A church I worked for years ago surprised a lot of people when they asked a 9th grader to not just JOIN a ministry but to actually TAKE CHARGE of it!  This was not a small church and the ministry they offered him was one of the more active ones!  There were hundreds of adults that could have been asked.  And you know what?  He did an incredible job and it opened the door for more teenagers and young adults to get involved with the church.

Easing the Transition

Remember what makes the trapeze exciting to watch?  Why do people clap when the catch is made?  Because it isn’t EASY to be caught – it’s not even LIKELY.  The same thing is true with the church model.  It’s not EASY to catch someone thrown our way – it’s not even LIKELY.  So why do we continue to do it?  Churches need a model where transition is an easy and likely occurrence.  Instead of tossing people over the gap, we need to overlap the process and do more of a handoff.

But as I said in the beginning, I don’t have THE solution.  I don’t know the answer.  I just see the problem.  I know one thing for sure – THE CURRENT WAY OF DOING THINGS ISN’T WORKING.  Change is needed.  New thinking is needed.  Churches need to stop throwing people.  Throwing is very inaccurate.  People are getting lost, and even hurt in the process.  A handoff is much safer.

Safe…wouldn’t that be a great thing for the church to be called?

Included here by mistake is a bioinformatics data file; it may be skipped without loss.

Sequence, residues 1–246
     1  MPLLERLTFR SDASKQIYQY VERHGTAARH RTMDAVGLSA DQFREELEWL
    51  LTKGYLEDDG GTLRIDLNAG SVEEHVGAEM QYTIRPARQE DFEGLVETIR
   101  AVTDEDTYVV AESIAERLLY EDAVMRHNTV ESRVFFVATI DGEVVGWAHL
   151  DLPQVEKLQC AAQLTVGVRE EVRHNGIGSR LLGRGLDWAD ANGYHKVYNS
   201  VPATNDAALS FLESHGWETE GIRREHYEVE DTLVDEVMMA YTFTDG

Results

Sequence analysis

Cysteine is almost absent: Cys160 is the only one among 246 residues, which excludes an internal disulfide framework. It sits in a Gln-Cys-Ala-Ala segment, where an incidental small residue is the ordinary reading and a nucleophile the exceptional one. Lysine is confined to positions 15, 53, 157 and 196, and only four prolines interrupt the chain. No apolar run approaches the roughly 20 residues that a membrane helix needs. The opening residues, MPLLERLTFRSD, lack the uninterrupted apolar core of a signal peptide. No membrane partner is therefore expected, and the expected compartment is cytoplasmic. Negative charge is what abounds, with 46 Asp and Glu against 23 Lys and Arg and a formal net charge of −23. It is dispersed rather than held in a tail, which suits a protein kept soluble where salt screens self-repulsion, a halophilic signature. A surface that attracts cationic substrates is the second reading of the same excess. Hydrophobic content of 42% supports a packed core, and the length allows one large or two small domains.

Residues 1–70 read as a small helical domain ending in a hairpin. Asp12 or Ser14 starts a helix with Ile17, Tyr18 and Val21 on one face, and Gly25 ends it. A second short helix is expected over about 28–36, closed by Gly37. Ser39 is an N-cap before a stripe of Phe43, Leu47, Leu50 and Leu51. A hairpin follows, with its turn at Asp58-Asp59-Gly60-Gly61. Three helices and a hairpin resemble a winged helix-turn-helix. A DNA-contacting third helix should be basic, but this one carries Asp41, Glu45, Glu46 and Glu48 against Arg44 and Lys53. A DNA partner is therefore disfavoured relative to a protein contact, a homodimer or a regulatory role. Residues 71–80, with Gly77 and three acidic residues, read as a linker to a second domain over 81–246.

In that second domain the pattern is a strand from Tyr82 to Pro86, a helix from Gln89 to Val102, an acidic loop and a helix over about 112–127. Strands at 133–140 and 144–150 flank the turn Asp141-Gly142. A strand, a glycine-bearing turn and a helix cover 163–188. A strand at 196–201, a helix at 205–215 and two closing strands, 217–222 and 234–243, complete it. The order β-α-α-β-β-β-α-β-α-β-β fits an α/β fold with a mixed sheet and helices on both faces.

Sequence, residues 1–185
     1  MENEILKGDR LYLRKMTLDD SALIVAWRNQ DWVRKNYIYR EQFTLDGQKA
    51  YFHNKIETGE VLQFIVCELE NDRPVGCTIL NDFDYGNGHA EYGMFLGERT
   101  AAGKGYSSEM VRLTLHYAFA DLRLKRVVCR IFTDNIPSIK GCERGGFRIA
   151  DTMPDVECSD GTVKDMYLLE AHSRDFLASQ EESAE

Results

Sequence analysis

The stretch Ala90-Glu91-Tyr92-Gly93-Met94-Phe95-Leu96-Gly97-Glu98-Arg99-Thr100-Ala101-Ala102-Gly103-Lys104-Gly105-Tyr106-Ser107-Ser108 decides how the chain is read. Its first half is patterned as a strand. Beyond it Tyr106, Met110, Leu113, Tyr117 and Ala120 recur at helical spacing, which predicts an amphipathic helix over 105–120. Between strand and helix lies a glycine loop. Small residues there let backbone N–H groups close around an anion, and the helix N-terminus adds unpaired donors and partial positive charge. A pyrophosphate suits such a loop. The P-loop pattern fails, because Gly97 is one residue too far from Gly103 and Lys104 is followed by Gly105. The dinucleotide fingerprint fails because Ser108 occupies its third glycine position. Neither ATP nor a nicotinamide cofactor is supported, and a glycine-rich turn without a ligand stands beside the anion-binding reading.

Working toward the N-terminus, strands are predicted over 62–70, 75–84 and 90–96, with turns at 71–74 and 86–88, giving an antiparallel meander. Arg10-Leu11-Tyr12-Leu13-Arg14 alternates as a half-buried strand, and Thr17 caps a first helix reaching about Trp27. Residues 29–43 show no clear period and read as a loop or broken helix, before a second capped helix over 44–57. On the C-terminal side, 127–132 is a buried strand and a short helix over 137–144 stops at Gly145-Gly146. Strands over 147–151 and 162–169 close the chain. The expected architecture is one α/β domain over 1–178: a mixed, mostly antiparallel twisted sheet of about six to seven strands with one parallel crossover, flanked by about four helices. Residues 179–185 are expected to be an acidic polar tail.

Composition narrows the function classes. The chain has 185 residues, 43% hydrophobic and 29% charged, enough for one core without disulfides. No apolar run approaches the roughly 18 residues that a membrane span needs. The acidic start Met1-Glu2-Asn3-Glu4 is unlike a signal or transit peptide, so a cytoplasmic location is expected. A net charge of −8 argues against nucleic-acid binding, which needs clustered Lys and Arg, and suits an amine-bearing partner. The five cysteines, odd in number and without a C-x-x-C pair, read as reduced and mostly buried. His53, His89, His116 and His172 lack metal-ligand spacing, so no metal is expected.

AUTHOR’S NOTE: This article was originally published in 2006 (THE ISLAND PACKET, Bluffton, SC). I think the point still rings very true and I was honored that YS asked me if they could put it on their blog.  Today, there are many movements to help address exactly the issue I am trying to present – most notably Kara Powell and her team over at “Sticky Faith.”  The stuff they are putting out is nothing short of excellent.  In the end, I hope you hear that while the “answer” may not be clear, we all really need to stop pretending that there isn’t a problem.


JONATHAN HOBBS is the Director of Youth Ministries at the Church of the Good Samaritan in Paoli, Pennsylvania. He has worked in youth ministry for almost 20 years, including churches in New Jersey, New Mexico, South Carolina, and Pennsylvania. He has spoken and/or led worship for multiple camps, retreats, and events around the country and has written multiple articles for blogs, newspapers, and magazines.  He also co-wrote/edited a book called “Don’t Do This” which is full of stories about failures in youth ministry. (Something he knows a lot about).  He is the founder of J3 Youth Ministry (WWW.J3YOUTHMINISTRY.COM) and is one of the hosts of the J3 Youth Ministry Podcast. He took karate in high school because he thought it would help make him cool. He was wrong. Jonathan and his wife, Carolyn, have two beautiful daughters, Kaylin and Julia. He loves golf, can juggle two balls skillfully, and does a halfway decent impression of Kermit the Frog. He’s also a big fan of the Oxford comma. Follow him on Twitter @JONHOBBSTWEETS.


Disclaimer: The views and opinions expressed in the YS Blog are those of the authors and do not necessarily reflect the opinion or position of YS.